By the end of 2011, all of Nancy Mitford’s books (except The Water Beetle) will be back in print. Penguin recently reprinted most of her novels, including the rare Wigs on the Green. In July, Vintage Classics are reprinting Nancy’s four historical biographies, Frederick the Great, the Sun King, Madame de Pompadour (which I reviewed here) & Voltaire in Love. Vintage produce such lovely paperbacks with gorgeous cover designs so I can’t wait to see what these look like. I will probably need to own at least a couple of them as well. In October, Capuchin Classics will be reprinting Pigeon Pie & Christmas Pudding, which I think will bring all of Mitford’s novels back into print, probably for the first time. Capuchin republished Highland Fling just last year & it’s now sitting on my tbr pile. Both the new Capuchin titles will feature their new colour cover pictures, just click on the links from their homepage to have a look. I read lots of Mitfordiana last year & I can’t wait to get my hands on these titles to complete my collection.

We are definitely living in a great time for the classic reprint. With publishers like Vintage, Capuchin, Greyladies, Persephone, Virago, Bloomsbury & Hesperus as well as Penguin & OUP with their 18th & 19th century lists, I could quite happily never read a modern novel again. Well, maybe that’s a bit too drastic, but there are very few modern novelists whose books I enjoy as I do those of Dorothy Whipple, O Douglas, Barbara Pym, P G Wodehouse, Marghanita Laski, Dorothy L Sayers let alone Jane Austen, the Brontes, Dickens, Wilkie Collins, Elizabeth Gaskell. I can’t wait to see what the future holds. Maybe a reprint of Ann Bridge’s Illyrian Spring which has been enthusiastically reviewed on many of the blogs I read, most recently by Verity here? Bloomsbury reprinted The Brontes Went to Woolworths which was the Holy Grail of middlebrow readers, now we’re all desperate to read Illyrian Spring! Or more E H Young, after Harriet Devine’s enticing reviews of William (which I also enjoyed) or Miss Mole? The sky’s the limit, or should I say the dusty library stacks are the limit, as Dani at A Work in Progress has discovered.

Royal mistresses – Madame de Pompadour & Mrs Howard

I’ve been reading about royal mistresses this week. I’ve just finished reading Nancy Mitford’s biography of Madame de Pompadour, mistress of Louis XV & I’m half way through listening to the audio book of Tracy Borman’s biography of Henrietta Howard, mistress of George II. Both women lived in the 18th century, a period I’ve never been terribly interested in, but recently I’ve been reading more about it. I’ve always been more attracted to the Tudor & Victorian periods. Then, I became interested in Richard III so that led me back a little through the medieval period. Then the Anglo-Saxons took my fancy & my love of early 20th century fiction led to an interest in the history of the period & the World Wars. So, it was inevitable that I would get to the 18th century sooner or later.

I’ve dabbled in the 18th century before with Amanda Foreman’s Georgiana, Flora Fraser’s Princesses & Stella Tillyard’s Aristocrats, all biographies of fascinating women. There are also big gaps in my knowledge of French history. Apart from the Revolutionary period & the 16th century, I really only know about French history when it impinged on English history. So, Nancy Mitford’s witty, elegantly written biography was a good place to start.

Madame de Pompadour’s full name was Jeanne-Antoinette Poisson, Madame Le Normant d’Etioles, Marquise-Duchesse de Pompadour, known to her family as Reinette. I’ll refer to her as Madame, I think! Born into a loving bourgeois family, Madame made an early marriage to Monsieur d’Etioles but she always had great ambitions. Her charm & beauty had captivated everyone she met. She visited a fortune teller when she was nine & was told she would be the mistress of a king & she was called Reinette (little queen) after this. She was an excellent amateur actress, a skill she put to good use in later years when she put on theatrical performances to amuse the King at Court. She was lovely without being truly beautiful. None of the many portraits by artists such as Boucher are said to be very like her. Mitford quotes some descriptions of Madame by her contemporaries, such as Dufort de Cheverny,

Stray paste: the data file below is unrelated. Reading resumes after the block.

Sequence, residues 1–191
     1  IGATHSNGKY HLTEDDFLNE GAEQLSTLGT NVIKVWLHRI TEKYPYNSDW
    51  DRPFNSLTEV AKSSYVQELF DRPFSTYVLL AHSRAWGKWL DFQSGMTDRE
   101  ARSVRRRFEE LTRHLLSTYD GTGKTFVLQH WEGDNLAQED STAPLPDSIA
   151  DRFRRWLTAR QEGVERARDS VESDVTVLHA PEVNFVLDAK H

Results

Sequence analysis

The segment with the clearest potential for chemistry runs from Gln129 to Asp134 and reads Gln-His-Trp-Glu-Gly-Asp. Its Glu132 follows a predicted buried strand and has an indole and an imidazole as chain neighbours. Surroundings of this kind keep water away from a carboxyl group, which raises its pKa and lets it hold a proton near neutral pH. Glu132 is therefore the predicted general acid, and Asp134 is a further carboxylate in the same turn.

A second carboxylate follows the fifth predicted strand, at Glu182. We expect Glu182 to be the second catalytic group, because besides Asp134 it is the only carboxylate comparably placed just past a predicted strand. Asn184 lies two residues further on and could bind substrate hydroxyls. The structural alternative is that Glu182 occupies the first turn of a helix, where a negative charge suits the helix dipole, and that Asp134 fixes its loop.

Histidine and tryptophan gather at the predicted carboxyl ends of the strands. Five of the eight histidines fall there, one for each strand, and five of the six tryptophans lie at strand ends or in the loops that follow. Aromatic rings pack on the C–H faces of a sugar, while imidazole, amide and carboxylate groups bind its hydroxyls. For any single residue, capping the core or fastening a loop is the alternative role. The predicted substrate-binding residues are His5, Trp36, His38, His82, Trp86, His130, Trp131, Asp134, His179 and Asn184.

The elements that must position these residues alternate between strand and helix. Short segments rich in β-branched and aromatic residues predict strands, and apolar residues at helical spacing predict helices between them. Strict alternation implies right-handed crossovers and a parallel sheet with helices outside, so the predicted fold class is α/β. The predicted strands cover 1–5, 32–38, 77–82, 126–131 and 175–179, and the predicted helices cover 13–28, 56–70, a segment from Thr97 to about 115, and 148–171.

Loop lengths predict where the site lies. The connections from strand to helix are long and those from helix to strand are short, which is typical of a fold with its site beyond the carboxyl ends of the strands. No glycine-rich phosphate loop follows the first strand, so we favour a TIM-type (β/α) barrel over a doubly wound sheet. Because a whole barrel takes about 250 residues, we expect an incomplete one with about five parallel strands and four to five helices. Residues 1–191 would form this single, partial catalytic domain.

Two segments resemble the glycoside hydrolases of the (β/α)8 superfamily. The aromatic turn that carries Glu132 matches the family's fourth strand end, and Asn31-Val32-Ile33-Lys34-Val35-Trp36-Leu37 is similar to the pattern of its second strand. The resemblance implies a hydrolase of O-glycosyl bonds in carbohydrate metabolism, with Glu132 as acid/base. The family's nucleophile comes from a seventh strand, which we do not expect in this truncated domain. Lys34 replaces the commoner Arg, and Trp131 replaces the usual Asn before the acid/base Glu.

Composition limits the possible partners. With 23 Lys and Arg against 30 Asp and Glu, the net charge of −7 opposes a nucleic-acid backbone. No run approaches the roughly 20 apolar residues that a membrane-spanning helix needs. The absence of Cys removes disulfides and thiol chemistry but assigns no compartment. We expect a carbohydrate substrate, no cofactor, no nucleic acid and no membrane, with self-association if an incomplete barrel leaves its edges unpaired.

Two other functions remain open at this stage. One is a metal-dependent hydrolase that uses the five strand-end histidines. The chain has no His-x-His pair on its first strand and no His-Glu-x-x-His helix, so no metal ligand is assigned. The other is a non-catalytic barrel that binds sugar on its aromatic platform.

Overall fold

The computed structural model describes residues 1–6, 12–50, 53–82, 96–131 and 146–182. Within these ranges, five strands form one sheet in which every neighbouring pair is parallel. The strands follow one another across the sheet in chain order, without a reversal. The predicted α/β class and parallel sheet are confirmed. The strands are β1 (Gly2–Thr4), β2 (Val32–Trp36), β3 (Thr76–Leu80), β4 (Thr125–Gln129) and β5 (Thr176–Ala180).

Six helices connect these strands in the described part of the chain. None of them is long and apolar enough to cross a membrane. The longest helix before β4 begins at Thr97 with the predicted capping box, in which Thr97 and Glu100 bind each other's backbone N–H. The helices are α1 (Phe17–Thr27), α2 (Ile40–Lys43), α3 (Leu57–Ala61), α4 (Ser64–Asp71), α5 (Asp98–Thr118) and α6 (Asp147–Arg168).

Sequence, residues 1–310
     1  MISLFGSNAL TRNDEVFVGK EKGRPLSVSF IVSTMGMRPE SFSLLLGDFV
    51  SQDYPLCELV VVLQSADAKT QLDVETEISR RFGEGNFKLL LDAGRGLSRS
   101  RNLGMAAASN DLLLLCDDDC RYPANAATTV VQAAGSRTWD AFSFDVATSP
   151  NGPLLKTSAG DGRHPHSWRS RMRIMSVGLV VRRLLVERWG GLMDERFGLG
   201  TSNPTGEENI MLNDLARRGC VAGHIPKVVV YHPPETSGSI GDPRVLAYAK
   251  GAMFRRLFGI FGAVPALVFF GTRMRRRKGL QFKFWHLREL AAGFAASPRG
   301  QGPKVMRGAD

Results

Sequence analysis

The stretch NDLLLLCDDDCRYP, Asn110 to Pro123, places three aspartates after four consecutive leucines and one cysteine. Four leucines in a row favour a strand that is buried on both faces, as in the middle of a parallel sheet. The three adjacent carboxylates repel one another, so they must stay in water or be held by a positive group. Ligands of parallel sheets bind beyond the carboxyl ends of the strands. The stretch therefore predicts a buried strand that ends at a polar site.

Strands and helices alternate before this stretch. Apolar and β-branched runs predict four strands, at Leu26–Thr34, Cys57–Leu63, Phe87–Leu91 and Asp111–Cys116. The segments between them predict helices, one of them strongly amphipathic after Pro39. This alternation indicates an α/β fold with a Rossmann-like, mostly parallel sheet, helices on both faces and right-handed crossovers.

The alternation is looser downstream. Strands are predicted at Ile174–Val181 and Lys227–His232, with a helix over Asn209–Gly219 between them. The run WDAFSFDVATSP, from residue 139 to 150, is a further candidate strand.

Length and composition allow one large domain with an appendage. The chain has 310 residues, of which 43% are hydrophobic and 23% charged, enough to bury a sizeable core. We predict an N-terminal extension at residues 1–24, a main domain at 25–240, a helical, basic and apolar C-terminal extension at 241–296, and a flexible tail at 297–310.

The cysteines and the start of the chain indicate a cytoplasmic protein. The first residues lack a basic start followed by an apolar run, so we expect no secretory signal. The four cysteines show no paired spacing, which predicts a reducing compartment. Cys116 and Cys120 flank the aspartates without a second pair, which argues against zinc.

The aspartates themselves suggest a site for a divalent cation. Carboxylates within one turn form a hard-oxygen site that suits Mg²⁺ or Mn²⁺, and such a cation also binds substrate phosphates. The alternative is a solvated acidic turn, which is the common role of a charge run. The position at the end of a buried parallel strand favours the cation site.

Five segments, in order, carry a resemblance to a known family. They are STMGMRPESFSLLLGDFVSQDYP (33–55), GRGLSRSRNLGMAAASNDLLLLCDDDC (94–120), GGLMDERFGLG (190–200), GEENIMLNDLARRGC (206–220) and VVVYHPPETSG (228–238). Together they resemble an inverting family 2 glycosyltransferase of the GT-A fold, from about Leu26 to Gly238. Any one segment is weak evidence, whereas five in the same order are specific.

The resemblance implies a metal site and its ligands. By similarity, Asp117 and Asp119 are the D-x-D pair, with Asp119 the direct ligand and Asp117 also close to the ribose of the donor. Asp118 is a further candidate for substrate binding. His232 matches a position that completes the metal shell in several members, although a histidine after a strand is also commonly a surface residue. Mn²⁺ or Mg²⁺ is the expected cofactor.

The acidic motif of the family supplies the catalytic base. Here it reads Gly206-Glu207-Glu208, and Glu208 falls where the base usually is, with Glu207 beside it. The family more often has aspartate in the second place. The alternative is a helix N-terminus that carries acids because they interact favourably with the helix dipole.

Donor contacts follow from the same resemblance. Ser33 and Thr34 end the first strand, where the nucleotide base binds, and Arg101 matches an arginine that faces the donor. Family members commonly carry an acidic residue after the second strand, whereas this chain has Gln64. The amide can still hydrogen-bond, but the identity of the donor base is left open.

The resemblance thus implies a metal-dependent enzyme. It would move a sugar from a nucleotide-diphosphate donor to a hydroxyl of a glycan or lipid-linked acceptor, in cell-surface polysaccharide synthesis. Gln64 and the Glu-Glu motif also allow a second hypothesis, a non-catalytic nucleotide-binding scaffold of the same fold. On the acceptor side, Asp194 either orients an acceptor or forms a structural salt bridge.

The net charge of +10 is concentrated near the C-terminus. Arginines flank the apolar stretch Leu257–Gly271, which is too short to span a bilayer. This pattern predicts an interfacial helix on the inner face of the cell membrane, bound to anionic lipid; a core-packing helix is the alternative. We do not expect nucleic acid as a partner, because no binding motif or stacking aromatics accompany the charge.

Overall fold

Not a man alive but would have had her for his mistress if he could. Tall, though not too tall; beautiful figure; round face with regular features; wonderful complexion, hands and arms; eyes not so very big, but the brightest, wittiest and most sparkling I ever saw. Everything about her was rounded, including all her gestures. She absolutely extinguished all the other women at Court, although some were very beautiful.

It was almost unheard of for a bourgeoise to become the King’s mistress & her ascendency caused much gossip & jealousy. Although any woman would have caused just as much gossip as gossip was almost the only thing that kept the courtiers from dying of boredom. Madame was a great patron of the arts. She was responsible for the Sevres china factory’s success & was a great admirer of writers such as Voltaire who she helped with her friendship & contacts at Court. She was a great gardener & when the King built the Petit Trianon for them to retire to, Madame was responsible for the design of the gardens. She was sincerely devoted to Louis & he to her, although his devotion didn’t prevent him sleeping with as many other women as he fancied. Madame became quite influential politically as well. The King & his chief ministers would meet in her apartments & she was very involved in the peace negotiations during the Seven Years War.

Louis remained devoted to Madame for nearly twenty years. Her poor health was the only blot on her happiness & she died of a lung complaint at the age of 43. Louis was so attached to Madame that he allowed her to die at Versailles (it was the custom that only members of the royal family were permitted to die there). Her body was immediately removed after her death to a chapel at the Hotel des Reservoirs nearby. The King watched the cortege on its journey to Paris from a balcony of the palace,